I would think that the best system for this company would be the one that minimizes loss of the company's existing assets (map database, artwork, etc.) If they are one of those companies that has physical paper assets rather than electronic ones then your problem becomes much more difficult. Now you need a way to get the existing assets into electronic form (which implies a scanner of some sort). Scanners typically generate raster data. Adobe's Photoshop is the gold standard for professional raster editing. Note, however, much of typical map editing that would be done in a map house is vector in nature (overlay this line in this area as roads, this area as rivers, and so on), leading to the problem of raster-to-vector conversion.
Once everything is in a nice editable form you come back to the problem of doing the editing and producing the maps. Vector programs such as Adobe's Illustrator and GIS programs such ArcGIS are excellent for handling vector data. Illustrator is easier to use for many folks, but a GIS program will give you more flexibility if you're working with real-world data. The physical production of prototypes can be handled by a large-format printer with final press output being handled from the master artwork files.
With regards to PC or Mac, you will most likely find that the same software packages are available for both. This means that you are best served by recommending the system that you and your client feel most comfortable using and supporting. You'll want to be sure to get the 64-bit OS and software versions along with lots of memory in each machine (8 GB minimum). On the video card front, lots of memory is useful for professional-type packages, with a minimum of 512MB on the card being as low as I would go these days. I've had many good experiences in the past with NVIDIA-based cards, but the ATI-based ones are slightly faster these days and the drivers are comparable for basic OpenGL usage.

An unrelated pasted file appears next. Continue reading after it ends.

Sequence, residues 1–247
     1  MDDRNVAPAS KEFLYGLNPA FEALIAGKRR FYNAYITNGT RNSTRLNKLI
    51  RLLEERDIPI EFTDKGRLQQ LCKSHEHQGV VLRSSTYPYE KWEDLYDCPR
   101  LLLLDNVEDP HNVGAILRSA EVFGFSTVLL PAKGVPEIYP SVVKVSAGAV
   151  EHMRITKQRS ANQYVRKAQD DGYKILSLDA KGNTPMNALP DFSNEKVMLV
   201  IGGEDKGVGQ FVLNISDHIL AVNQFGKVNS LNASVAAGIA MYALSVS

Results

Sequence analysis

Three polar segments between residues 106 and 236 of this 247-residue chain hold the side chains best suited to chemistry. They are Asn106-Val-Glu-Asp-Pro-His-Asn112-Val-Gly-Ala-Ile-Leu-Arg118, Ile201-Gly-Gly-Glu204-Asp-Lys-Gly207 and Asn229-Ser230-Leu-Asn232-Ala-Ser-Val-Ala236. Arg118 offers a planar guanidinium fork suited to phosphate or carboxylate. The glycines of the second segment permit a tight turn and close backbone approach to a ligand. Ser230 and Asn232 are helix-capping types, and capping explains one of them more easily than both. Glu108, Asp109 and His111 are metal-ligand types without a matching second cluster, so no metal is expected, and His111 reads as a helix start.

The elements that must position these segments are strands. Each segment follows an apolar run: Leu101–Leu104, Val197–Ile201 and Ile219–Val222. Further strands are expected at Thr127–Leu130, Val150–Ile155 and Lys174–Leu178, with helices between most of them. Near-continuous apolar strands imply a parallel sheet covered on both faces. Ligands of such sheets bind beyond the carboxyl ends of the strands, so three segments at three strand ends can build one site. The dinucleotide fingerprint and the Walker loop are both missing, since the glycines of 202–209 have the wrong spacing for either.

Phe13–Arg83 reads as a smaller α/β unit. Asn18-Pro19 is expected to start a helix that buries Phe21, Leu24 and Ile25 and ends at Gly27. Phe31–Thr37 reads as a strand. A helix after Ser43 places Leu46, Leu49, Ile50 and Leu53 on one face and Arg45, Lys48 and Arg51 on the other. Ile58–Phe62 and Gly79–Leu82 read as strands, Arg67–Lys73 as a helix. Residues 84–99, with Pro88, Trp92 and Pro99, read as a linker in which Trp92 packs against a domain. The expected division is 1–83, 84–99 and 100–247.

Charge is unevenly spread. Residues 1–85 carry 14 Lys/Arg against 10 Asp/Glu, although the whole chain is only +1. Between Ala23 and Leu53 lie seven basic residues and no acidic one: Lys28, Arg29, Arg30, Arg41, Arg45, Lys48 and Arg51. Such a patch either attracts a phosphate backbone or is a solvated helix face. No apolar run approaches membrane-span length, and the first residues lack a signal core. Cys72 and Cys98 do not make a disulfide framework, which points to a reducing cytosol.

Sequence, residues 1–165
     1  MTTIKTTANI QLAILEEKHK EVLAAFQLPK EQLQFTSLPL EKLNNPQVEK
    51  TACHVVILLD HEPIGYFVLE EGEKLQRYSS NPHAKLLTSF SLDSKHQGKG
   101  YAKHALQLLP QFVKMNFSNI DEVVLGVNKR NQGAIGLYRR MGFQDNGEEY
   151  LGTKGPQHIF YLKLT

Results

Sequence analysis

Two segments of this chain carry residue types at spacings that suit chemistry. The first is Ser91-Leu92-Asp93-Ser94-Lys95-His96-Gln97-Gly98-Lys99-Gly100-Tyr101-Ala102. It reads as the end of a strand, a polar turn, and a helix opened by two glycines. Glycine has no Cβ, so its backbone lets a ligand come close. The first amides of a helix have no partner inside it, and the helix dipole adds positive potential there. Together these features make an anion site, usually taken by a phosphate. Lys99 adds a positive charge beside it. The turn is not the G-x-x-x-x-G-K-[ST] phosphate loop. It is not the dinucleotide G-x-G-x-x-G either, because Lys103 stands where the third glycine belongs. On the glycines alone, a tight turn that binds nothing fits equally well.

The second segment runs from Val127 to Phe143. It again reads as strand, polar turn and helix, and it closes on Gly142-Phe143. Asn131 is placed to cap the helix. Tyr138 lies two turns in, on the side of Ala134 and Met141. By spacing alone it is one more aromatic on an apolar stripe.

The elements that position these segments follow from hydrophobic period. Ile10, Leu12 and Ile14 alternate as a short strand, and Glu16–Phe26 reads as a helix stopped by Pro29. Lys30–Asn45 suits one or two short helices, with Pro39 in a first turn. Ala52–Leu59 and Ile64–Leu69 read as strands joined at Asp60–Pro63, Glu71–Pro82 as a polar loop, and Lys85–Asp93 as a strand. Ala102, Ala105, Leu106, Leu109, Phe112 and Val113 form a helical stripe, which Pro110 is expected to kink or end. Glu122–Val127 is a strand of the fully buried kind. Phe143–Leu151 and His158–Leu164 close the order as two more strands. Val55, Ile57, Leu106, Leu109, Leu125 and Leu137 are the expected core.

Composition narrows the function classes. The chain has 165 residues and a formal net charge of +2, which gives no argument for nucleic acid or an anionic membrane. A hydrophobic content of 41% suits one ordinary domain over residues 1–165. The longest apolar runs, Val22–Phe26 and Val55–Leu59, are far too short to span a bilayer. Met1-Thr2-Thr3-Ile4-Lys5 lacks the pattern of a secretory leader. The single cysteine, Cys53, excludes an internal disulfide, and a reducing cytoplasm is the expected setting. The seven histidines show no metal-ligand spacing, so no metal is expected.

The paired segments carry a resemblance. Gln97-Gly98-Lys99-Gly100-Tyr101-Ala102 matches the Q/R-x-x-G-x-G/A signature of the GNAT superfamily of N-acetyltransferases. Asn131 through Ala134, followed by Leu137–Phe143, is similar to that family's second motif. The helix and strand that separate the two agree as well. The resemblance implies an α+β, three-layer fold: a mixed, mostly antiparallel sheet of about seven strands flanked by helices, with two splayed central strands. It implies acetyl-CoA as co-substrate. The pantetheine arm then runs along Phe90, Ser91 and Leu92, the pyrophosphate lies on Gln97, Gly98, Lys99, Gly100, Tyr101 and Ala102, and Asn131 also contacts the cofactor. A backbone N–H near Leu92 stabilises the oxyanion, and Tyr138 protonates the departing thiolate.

Note that there are open-source versions of most of these packages (raster art = GIMP, vector art = InkScape, GIS = QGIS or GRASS). They can be highly effective, but it can be harder to find experts available for them. Certainly their cost of acquisition is much lower than the proprietary software (expect to pay more for software licenses per machine for proprietary software than for the machine hardware itself).
I've had to make a lot of guesses about the kind of things that you want to do here, but I hope that this discussion was useful.